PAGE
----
The CAGED system can be confusing when you are first exposed to it as the terminology requires both the chord and chord form to be named. In the majority of cases, we describe the chord shape used as a form e.g. C form, followed by the name of the chord e.g. E Major.
For example, if playing the chord E Major using the adjusted chord shape of C Major we would describe the chord as a C form, E Major chord.
You are also likely to hear it mentioned the other way around e.g. E major C form, but regardless, once you are familiar with the system and the 5 open chord shapes used it should be fairly intuitive regardless of the order or naming convention used.
C Form Chord Shape
While you might normally play open C with your ring finger on the root note (3rd fret, 5th string) to form a moveable barre chord shape we need to adjust our fingering to play the root with our pinky as discussed in the section above.
This can take a little getting used to but will allow you to then move that C form all over the neck and play any number of chords. In the example below, we have moved the C form up two frets to play a D Major chord and barred the unfretted strings (1st and 3rd strings) using the index finger.
This is where knowing the major scale positions on the 5th string (and 6th for root 6 barre chords) will help you identify the chord being played, as the root note is found on the 5th string (more on this shortly).
Doing so means those previously open strings (G, and E) are now barred and become A and F#, which along with our root note of D are required to form a D major chord.
While the example above only indicates a partial barre of the 1st, 2nd, and 3rd strings in many cases it will be more comfortable to barre all 5 strings. This won’t have any effect on the 4th and 5th strings as the fretted notes are higher on the neck.
C form barre chords are referred to as root 5 barre chords as the root note is found on the 5th string.
As a rule, the C form is not commonly used as the A and E shapes are considered easier to play, but it’s well worth learning and can come in handy.
A Form Chord Shape
The next chord form in the CAGED system is A, which is also a root 5 barre chord.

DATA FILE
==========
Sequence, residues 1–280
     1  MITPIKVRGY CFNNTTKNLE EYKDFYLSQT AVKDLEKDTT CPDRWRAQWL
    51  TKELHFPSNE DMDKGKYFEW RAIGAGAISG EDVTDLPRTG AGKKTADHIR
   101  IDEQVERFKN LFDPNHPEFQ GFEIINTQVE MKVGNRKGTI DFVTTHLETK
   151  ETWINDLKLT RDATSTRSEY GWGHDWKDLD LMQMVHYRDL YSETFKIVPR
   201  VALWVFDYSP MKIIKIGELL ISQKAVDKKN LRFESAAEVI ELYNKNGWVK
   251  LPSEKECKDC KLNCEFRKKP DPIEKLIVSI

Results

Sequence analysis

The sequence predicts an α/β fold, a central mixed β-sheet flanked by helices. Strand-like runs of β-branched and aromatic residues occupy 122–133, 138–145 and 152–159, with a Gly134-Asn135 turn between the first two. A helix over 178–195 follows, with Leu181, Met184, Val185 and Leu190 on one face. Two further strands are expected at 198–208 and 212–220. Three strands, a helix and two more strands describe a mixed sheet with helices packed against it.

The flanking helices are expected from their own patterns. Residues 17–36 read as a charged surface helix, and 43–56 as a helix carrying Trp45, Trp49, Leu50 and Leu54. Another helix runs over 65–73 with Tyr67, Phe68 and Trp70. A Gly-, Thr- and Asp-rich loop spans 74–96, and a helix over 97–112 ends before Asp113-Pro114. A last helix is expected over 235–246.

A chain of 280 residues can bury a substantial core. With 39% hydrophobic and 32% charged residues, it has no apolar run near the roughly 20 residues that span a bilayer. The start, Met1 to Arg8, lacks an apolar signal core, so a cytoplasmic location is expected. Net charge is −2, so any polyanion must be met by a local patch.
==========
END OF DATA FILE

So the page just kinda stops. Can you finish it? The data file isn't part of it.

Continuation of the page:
Normally in open position guitarists will play A major using 2 or 3 (index, middle, and ring) fingers. But, to make the A form moveable we’ll need to retain our index finger to barre the open strings (1st and 5th strings) and utilize either our pinky (better if you have large hands) or ring finger to fret the notes on the 2nd, 3rd, and 4th strings as per the example below.
The A form, along with the E form (more on this shortly) are arguably the most common chord forms utilized in CAGED. The most difficult aspect of this chord shape is ensuring the pinky does not obstruct the 1st string, while managing to make good contact with the 2nd string. In most cases, guitarists don’t play the 1st string using an A form for this reason.
G Form Chord Shape
Following on from A we have the G form chord shape. This one is trickier to play than the A form, and like the C form is rarely seen, unless modified. We refer to this form as a root 6 barre chord, as the root note is found on the 6th string.
Normally you would play a G chord using the first three fingers (index, middle, and ring) but to allow us to include a barre shape we need to utilize all four fingers of the fretting hand as per the example below.
The chart above shows the barre only extending from the 2nd string to the 4th, but in most cases, it will be more comfortable to lie your index finger across the entire fretboard. Keep in mind as the barre is behind the A and C# notes on the 4th and 5th fret in our example A major chord below, this won’t obscure the notes that make up the chord.